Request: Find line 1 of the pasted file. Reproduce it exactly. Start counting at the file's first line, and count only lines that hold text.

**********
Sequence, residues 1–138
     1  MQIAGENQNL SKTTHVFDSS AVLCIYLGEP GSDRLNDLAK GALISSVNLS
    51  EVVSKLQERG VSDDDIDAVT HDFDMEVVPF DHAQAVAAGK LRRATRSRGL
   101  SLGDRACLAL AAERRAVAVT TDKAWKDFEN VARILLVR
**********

Sequence, residues 1–138